14/01/2014 06:12 GMT | Updated 14/03/2014 05:59 GMT

An Open Letter to Mark Grist

A friend of mine recently sent me the video for Mark Grist's spoken word poem "Girls Who Read". I know that it's been around for a while but I was quite surprised upon finding worryingly few negative responses to this mind-numbingly sexist bullshit, so here is my open letter to Mark Grist. If you haven't done so already I suggest watching Mark performing his poem before reading the following.

Dear Mark Grist,

I am a girl who reads. Before you fall off your chair in flabbergasted disbelief, don't worry, we're all thinking it - aren't women just sexual objects for men? How can woman book when woman only kitchen and sex? It's a pretty new-age idea; I'm not going to lie. As you say, though, the idea of a girl reading makes her a "total fox" so not all is lost - we can go back to being valued for our desirability above all else after all. Phew! Because in any case, a woman reading is somehow more exquisite and interesting than a man reading. Women are clearly mystical unicorns and not three-dimensional human beings doing as they please within their own right: no, they are ethereal angels who are chauvinistically idealised to the extent where even the act of reading is sensationalised as part of their otherworldly presence.

Seriously, get over it. Romanticising a girl who reads as if it's an utmost rarity stems from the sexist view that we are objects whose only role is to cater to men's desire: in other words, we're not human. We're not really individual people who read and live and breathe and whatever else have you solely for our own sake. I get that your flowery descriptions of a "girl who reads" such as "...feeds her addiction for fiction/With unusual poems and plays/That she hunts out in crooked bookshops for days and days and days" are purposefully exaggerated for a dreamy and later on comic tone, but it feels a little too sickly sweet and fetishized. This coupled with your vague use of the verb "to read" and sentimentalising of the act itself suggests a bizarre fascination with pretentious pseudo-intellectuality that is ultimately insubstantial, because a woman reading is a fairly normal and everyday thing.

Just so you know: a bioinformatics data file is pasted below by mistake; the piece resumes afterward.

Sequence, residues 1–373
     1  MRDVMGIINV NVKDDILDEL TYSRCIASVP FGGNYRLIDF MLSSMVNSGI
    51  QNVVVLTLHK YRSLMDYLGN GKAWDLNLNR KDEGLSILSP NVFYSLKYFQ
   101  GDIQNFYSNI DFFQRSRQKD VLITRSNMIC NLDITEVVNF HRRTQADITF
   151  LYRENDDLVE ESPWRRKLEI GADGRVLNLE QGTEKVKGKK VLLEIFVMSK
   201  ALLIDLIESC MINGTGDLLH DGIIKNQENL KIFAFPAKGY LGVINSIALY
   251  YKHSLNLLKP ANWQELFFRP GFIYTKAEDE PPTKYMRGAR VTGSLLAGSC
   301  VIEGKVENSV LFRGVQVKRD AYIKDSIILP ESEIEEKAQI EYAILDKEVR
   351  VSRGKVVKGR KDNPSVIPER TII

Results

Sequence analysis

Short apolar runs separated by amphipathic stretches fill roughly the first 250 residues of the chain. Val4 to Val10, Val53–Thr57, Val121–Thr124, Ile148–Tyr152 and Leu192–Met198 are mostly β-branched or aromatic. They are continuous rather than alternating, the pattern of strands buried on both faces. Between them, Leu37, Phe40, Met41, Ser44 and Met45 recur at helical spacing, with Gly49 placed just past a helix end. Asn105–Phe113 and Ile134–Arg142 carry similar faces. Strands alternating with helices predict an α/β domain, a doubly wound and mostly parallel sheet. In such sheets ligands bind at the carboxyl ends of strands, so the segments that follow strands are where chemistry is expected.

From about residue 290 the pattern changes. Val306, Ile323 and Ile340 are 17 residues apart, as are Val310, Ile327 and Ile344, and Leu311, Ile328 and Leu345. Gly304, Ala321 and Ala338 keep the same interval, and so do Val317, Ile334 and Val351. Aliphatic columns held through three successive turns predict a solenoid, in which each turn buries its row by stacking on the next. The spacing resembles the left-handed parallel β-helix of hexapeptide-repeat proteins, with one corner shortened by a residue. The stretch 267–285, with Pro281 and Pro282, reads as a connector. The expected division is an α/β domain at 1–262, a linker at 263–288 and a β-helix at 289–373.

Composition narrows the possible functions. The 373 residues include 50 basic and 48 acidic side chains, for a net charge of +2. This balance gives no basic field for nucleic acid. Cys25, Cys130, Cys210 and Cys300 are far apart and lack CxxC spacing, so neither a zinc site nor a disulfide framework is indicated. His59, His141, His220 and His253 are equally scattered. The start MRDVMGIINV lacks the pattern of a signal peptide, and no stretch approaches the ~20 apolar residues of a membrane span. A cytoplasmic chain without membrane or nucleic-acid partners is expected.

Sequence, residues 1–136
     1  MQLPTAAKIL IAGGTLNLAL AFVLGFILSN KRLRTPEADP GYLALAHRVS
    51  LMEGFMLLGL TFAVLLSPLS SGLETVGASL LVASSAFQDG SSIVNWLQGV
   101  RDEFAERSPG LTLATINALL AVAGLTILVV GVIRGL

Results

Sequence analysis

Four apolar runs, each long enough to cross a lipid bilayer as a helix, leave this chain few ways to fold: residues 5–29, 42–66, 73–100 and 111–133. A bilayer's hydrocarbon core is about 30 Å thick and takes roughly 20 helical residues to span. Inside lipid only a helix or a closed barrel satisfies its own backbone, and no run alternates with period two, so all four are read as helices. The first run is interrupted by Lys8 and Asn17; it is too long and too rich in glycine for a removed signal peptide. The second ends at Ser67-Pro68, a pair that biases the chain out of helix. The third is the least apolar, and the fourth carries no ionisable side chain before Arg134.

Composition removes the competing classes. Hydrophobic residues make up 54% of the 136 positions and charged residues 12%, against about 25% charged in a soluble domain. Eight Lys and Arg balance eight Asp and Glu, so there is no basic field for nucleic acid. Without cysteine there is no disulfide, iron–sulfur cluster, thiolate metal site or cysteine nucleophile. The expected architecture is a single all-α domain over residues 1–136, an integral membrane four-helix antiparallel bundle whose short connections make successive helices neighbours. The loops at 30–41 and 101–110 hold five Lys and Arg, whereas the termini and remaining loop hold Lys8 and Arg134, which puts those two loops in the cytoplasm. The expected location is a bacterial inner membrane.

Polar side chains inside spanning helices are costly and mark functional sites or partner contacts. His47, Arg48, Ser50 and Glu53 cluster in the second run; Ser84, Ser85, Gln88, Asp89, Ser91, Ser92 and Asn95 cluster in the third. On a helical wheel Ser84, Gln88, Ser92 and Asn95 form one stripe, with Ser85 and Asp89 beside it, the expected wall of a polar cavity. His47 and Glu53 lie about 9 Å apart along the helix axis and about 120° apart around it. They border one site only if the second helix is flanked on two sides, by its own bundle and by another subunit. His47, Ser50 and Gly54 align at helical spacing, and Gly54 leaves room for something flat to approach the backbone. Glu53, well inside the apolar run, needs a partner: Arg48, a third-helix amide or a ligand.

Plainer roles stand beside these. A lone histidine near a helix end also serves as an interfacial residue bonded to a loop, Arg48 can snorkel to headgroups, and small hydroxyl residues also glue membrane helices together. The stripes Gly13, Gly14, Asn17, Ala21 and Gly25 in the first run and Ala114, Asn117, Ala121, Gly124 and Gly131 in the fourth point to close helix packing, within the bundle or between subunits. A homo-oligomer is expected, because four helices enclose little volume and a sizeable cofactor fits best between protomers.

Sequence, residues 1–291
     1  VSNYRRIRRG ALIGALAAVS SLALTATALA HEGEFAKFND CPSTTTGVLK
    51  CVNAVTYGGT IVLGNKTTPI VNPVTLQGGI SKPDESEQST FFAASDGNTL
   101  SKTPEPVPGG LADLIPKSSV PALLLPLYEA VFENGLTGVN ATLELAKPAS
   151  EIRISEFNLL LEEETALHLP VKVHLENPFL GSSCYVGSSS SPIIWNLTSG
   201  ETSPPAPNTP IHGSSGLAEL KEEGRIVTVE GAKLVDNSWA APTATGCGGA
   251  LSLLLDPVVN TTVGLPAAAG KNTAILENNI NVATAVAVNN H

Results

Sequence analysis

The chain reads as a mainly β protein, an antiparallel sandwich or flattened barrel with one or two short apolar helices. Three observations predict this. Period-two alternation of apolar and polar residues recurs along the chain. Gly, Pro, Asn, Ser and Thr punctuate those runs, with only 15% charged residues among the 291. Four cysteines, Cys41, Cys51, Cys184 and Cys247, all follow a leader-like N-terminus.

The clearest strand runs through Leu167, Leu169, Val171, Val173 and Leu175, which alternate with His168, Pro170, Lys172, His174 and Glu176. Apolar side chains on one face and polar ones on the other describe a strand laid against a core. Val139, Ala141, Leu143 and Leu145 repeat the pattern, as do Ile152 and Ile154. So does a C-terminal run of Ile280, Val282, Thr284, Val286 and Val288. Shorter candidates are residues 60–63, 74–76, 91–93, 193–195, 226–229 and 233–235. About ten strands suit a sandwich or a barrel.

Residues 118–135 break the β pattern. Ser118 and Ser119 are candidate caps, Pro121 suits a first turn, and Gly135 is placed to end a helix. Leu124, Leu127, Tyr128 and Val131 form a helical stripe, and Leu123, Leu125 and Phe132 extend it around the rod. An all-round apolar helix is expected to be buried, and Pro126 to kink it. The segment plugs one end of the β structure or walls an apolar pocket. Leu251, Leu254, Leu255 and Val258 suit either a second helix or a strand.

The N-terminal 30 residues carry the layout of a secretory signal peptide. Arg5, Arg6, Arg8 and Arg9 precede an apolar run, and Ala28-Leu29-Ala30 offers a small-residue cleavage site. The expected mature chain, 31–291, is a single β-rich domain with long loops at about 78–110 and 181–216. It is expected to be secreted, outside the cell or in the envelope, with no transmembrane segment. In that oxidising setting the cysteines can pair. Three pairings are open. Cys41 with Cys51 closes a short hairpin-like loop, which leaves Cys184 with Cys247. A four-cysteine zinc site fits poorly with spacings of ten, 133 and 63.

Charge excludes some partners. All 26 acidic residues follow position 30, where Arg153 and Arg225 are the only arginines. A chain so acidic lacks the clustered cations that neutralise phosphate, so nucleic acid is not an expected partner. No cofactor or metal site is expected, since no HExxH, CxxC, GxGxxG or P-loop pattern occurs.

See, it's kind of a given that women are human and not pretty ornaments so I'm pretty sure you're not the one to have made this revolutionary discovery. It's for this reason that I'm honestly perplexed as to why you single yourself out for appreciating so-called intelligence in a woman - it doesn't make you a saint; it makes you a decent human being. Finding intellectual thirst in another person to be attractive is understandable, but not when that person - or in your case an entire gender - is put on a pedestal for your enthrallment.

And what about girls who don't read? Are they not "interesting and unique" enough for your two-dimensional view of what a woman should be like in order to garner your attention? Luckily for everyone, the answer to this is irrelevant as I can guarantee that no woman, ever, in any place or time has read or not read in order to please a man (or done anything else, for that matter). Not only is your view of your perfect woman one who "needs the written word" or any of your other patronising requirements, but also one who's "sweet" and thin and conventionally attractive as depicted in your video. This trope of a woman being intelligent, but only enough to delight a man, and still "flirty" and alluring is all too reminiscent of the oppressive 19th century ideal for women.

So unfortunately, your attempted humble, progressive and anti-chauvinistic attitude is pretty much in line with the lager-sipping and overtly misogynistic guys you strive to distinguish yourself from at the beginning of the poem. Here's a tip: instead of praising yourself for appreciating brains over beauty in women (which is a ridiculous concept in itself as it promotes the sexist false dichotomy of ditzy/nerdy women), let it dawn on you that women are real, live people. And all people have "passion, wit and dreams" - not just the literature-luvin' fairies of your imagination.